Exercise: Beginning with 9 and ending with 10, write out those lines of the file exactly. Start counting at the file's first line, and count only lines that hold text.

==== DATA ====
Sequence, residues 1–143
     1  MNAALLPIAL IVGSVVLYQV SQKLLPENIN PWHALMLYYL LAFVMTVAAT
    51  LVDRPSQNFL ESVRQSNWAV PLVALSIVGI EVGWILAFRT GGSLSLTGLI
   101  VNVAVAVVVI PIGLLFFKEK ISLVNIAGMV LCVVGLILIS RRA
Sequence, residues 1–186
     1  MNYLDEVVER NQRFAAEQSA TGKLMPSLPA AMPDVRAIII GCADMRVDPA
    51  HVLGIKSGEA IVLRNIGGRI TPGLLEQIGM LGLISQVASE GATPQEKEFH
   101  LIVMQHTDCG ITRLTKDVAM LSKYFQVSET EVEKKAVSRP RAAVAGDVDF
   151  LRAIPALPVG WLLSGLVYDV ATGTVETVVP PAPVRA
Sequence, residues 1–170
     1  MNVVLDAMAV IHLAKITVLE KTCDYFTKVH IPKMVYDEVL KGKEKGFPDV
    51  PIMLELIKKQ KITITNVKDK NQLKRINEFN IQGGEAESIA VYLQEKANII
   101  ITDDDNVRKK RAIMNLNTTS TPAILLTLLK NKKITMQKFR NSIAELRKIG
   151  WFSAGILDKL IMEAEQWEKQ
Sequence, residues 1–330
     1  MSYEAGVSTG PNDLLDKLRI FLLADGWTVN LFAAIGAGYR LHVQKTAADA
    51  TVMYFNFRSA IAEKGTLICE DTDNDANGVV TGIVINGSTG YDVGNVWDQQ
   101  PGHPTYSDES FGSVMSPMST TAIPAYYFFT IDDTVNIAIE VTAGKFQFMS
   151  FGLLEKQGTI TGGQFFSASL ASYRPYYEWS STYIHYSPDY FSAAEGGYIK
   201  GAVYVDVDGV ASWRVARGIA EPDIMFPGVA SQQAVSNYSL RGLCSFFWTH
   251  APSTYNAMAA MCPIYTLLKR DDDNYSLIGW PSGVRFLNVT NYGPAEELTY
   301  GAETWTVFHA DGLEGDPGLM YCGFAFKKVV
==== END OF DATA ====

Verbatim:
   151  LRAIPALPVG WLLSGLVYDV ATGTVETVVP PAPVRA
Sequence, residues 1–170